Breast cancer surgery or radiation can cause the lymph system to become damaged or blocked, resulting in a buildup of fluid in the soft tissue. This disease, known as lymphedema, can include painful swelling, chronic pain and recurring infections. In addition to treatments that help to reduce lymphedema symptoms, like wearing compression garments and getting regular exercise, surgery is sometimes needed.

Contact us online today to learn more about treating lymphedema of the upper extremities. The Institute of Reconstructive Plastic Surgery of Central Texas helps men and women from Austin, Round Rock and throughout Texas.

Lymphedema After Breast Cancer Treatment

Lymphedema following breast cancer treatment may occur for several reasons. Surgical treatment of breast cancer removes tissue and often requires removal of one or more lymph nodes from the armpit. This may cause impaired lymphatic drainage in the arm, breast and chest wall. Additionally, radiation therapy also increases the risk of developing lymphedema.

Surgical Options

Surgery to bypass damaged areas of the lymphatic system may help to reduce the severity of lymphedema symptoms or decrease the progression of the disease. People who benefit most are earlier in the course of disease and have surgery in conjunction with ongoing complete decongestive therapy (CDT) in order to manage symptoms and improve quality of life.

Following surgery, some people will see a substantial improvement in their symptoms, while others may experience little to no improvement. It is important to recognize that this disease cannot be cured, even through surgery. Surgery may be a useful addition to complete decongestive therapy, and CDT should be resumed about 4 weeks after surgery and continued ongoing for the best results.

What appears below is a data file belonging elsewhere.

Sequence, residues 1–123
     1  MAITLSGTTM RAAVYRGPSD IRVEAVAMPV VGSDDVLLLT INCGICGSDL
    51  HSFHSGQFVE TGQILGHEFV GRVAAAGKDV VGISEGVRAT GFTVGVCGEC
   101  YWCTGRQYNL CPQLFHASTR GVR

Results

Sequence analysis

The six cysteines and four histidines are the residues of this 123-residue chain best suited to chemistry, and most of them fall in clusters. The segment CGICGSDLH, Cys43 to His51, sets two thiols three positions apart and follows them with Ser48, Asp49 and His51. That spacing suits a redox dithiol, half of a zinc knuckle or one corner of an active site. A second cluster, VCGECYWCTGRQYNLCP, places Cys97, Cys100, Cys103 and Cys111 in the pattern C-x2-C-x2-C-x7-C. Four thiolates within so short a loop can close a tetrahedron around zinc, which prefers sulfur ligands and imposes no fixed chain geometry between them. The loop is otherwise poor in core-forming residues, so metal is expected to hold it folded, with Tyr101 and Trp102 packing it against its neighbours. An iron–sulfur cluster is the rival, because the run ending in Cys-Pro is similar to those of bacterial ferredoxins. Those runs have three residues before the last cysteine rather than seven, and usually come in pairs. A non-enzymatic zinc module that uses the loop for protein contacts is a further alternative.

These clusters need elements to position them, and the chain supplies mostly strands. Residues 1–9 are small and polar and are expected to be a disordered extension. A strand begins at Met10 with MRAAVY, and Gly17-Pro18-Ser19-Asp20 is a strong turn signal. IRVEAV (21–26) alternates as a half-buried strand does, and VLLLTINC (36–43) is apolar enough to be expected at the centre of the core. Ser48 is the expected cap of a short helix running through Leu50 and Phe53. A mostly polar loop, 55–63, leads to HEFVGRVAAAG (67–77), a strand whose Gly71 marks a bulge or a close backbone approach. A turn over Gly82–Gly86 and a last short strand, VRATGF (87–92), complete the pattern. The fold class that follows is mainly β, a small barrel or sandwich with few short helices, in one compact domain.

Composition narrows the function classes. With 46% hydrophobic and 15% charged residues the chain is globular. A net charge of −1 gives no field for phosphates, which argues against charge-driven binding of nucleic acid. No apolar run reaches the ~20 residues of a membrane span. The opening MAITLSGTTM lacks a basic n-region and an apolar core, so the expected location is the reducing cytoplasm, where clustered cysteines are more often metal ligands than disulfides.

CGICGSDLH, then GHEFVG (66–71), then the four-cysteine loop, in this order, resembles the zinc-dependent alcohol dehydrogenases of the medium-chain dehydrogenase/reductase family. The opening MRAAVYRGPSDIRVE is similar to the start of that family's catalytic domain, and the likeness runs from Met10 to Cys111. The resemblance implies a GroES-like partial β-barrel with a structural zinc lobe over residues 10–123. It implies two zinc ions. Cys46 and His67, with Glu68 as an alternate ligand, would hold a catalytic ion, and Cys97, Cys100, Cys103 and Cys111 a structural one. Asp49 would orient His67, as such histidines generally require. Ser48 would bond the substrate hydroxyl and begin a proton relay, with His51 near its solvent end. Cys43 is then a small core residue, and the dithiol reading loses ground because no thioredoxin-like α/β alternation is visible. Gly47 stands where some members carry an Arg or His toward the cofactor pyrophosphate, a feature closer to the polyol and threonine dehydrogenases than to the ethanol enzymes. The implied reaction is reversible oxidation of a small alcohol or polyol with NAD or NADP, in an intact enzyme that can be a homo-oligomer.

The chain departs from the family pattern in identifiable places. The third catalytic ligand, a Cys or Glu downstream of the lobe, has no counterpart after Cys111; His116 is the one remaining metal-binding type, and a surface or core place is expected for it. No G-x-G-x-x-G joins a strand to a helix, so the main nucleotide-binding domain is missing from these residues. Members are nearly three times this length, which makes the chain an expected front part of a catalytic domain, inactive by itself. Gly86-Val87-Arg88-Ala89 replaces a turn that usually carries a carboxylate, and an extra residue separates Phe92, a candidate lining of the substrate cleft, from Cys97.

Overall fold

Our Approach: Lymphovenous Bypass

While many people suffering from lymphedema have heard about the surgical technique known as vascularized lymph node transfer, we typically recommend it for only severe cases and only after significant counseling regarding risks and alternatives. These risks will be carefully discussed in detail during a consultation.

The lymphovenous bypass technique uses a special camera known as a photodynamic Eye (PDE) to visualize and characterize the actual lymphatic drainage pattern and identify sites for improvement. Small incisions are then made at these identified sites and bypasses are performed to link lymphatics to the venous system, allowing a new pattern of lymph drainage.

Lymphovenous bypass requires “supermicrosurgery” technique, with specialized instruments capable of properly identifying and rerouting areas of the lymphatic system. Surgery generally takes three to five hours, followed by an overnight hospital stay for observation/antibiotics.

If you are living with lymphedema, we encourage you to contact us online to learn if lymphedema surgery from the Institute of Reconstructive Plastic Surgery of Central Texas can help you lead a better life.